The precise reasons why both of these women were forced into breaking the law are unknown, but it is likely that the prohibitive cost of spay and neuter operations was to blame. After all, water is free and feeding one or two cats can be easily managed even for those on fixed incomes. There are additionally organizations in Deutschland, such as Tiertafel, that dispense free cat and dog food.

Feeding dozens of cats is an altogether different matter. Plus, vaccinations and veterinary emergencies are enough to send even a gainfully employed person to the poorhouse.

Unfortunate situations such as these easily could be avoided if municipalities offered free sterilizations. Not only would such a worthwhile public service save the lives of millions of homeless cats and dogs each year but individuals who care deeply about cats would not feel compelled to care for more of them than they are financially able to feed, medicate, and sterilize.

If they merely did nothing, Animal Control and shelters would round up and kill all homeless cats. Compassionate individuals who take in homeless cats therefore are worthy of society's support but instead all they customarily receive from the authorities is abuse and repression.

Like just about everything pertaining to animals, sterilizing cats is a racket. For example, veterinarians in the United States and Canada often charge up to $300 for these simple, routine procedures.

Sabine Oelschläger

In addition to unchecked greed, the cost is so high because veterinarians insist upon administering superfluous vaccinations, testing for various diseases, and implanting cancer-causing microchips. (See Cat Defender post of November 6, 2010 entitled "Bulkin Contracts Cancer from an Implanted Microchip and Now It Is Time for Digital Angel and Merck to Answer for Their Crimes in a Court of Law.")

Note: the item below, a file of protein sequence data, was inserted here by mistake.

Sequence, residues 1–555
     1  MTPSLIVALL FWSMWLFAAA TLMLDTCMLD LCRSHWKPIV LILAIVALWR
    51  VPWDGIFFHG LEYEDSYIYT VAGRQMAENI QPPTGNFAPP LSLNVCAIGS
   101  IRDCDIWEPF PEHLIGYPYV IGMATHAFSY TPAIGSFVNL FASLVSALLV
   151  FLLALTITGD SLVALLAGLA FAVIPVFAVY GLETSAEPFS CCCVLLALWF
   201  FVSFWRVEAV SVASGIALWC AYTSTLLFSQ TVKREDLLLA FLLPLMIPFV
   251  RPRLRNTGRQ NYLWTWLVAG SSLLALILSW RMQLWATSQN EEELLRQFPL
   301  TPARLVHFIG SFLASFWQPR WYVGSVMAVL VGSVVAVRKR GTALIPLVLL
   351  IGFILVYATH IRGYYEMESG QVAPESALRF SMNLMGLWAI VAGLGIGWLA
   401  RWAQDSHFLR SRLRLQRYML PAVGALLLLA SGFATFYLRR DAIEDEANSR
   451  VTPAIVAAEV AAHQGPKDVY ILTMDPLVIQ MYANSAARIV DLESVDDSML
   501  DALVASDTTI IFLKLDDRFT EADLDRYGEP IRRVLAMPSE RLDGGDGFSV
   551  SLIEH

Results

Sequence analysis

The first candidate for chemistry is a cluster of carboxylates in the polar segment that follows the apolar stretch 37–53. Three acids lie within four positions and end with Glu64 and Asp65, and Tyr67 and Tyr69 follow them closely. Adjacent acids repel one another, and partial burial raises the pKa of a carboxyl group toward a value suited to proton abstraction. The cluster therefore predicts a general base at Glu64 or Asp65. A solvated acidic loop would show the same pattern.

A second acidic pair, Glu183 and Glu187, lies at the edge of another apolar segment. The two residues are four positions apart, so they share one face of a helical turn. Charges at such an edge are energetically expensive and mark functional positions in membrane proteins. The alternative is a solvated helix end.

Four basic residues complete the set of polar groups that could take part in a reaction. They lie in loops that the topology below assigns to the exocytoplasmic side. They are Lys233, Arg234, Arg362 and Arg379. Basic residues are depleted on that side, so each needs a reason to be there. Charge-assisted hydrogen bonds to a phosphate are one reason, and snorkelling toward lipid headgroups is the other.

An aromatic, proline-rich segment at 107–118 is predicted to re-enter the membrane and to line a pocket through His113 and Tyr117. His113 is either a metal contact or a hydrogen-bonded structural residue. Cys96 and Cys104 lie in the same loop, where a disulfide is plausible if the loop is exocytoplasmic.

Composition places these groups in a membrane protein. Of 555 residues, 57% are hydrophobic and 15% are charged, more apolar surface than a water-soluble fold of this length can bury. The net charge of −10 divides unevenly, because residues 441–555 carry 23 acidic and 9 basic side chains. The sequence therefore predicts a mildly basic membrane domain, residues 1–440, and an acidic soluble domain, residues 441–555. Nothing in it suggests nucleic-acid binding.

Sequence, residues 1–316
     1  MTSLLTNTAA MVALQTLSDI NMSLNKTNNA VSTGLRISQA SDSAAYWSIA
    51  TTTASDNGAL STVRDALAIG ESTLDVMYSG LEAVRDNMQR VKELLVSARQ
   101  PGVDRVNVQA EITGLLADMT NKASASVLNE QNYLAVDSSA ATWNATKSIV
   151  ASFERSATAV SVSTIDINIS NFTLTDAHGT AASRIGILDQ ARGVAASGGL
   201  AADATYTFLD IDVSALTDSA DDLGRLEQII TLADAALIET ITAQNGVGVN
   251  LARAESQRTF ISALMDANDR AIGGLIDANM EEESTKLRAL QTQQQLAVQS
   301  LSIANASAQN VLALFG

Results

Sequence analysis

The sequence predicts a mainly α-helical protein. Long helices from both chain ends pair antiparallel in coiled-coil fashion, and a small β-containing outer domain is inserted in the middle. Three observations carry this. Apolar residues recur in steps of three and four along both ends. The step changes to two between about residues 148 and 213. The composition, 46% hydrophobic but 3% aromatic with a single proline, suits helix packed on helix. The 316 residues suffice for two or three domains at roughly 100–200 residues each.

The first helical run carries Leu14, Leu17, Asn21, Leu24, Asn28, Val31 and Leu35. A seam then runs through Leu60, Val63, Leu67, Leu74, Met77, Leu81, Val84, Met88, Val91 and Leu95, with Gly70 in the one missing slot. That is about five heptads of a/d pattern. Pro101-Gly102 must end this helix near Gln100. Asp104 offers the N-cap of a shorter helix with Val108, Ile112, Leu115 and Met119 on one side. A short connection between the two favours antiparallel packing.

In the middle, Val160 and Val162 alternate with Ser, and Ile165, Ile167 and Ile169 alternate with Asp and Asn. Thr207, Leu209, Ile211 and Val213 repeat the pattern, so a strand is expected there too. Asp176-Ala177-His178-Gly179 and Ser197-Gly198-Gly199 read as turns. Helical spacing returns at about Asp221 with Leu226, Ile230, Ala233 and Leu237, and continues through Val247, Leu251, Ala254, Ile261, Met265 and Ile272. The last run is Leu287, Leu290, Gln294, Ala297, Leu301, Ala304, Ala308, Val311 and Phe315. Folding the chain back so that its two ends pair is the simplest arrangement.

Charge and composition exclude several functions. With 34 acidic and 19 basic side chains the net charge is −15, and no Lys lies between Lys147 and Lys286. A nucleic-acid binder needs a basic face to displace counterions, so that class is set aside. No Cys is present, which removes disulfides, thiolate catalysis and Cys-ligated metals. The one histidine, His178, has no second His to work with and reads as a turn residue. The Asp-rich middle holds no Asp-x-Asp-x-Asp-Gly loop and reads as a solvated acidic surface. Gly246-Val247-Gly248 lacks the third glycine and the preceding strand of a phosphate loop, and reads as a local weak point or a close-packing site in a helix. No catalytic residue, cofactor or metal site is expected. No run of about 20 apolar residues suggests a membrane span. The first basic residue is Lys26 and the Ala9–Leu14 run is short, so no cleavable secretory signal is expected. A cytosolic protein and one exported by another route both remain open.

The so-called low-cost spay and neuter services offered by humane societies and the SPCAs are not much of an improvement in that, on the average, they charge $60 in order to spay a female and $50 to neuter a tom. Like regular veterinarians, they also insist upon administering non-essential vaccinations as a means of jacking up the price. Many of them even add surcharges for painkillers and the disposal of the excised genitalia.

Additionally, they are nosey-Parkers who insist upon cat owners providing them with all sorts of personal data. In other words, anyone unable to pay the exorbitant prices demanded by veterinarians must be willing to dance to whatever tune the shelters call.

The only known organization operating in the United States and Canada that is making a real difference is PetSmart Charities of Phoenix. For instance, back in January it gave a grant of $39,950 to the SPCA of Wake County for the sterilization of cats and dogs living in downtown and southeast Raleigh.

"A good portion of these free-roaming cats were once owned, or they are one generation removed from house pets," the organization's Susana Della Maddalena earlier told USA Today on May 6, 2008. (See "Compassion Often Eludes Feral Cats; Groups Out to Save Them.") "We don't think it's fair to exclude them from help."

Even with that much free moola at its disposal, the SPCA of Wake County was not about to be denied its cut of the action and therefore charged $5 for each operation. (See News and Observer, January 23, 2011, "Grant Allows Low-Cost Neutering.")

If free sterilizations were available upon demand there no longer would be any need for Animal Control Officers, death camps that masquerade as shelters, and the manufacturers of sodium pentobarbital and gas chambers. The killing sprees of other merchants of death, such as private exterminators, also could be ended.

The politicians could solve this problem almost overnight if it were not for the fact that they do the bidding of the animal killers. That makes their and the capitalist media's denunciations of homeless cats and their caretakers all the more hypocritical.

Adding insult to injury, numerous municipalities have criminalized the feeding of homeless cats and even attempted to shutter cat sanctuaries. (See Cat Defender posts of February 26, 2007 and November 19, 2006 entitled, respectively, "Charged with Feeding a Feral Cat Named Fluffy, Retired Ohio English Teacher Beats the Rap" and "Florida Ailurophobes and Politicians Are Attempting to Kill Two-Hundred Felines by Closing a Sanctuary.")

The anti-cat fervor even has spread to apartment complexes. Last summer, for example, eviction proceedings were instigated against an eighty-one-year-old retired tutor in Temple Terrace, Florida, because she had the temerity to show compassion for homeless cats. (See Cat Defender post of August 2, 2010 entitled "Old, Poor, and Sickly Jeanne Ambler Is Facing Eviction for Feeding a Trio of Hungry Cats.")

Photos: Bild (Schmedes, Fienchen and Phil) and Tierschutz Hildesheim (Oelschläger).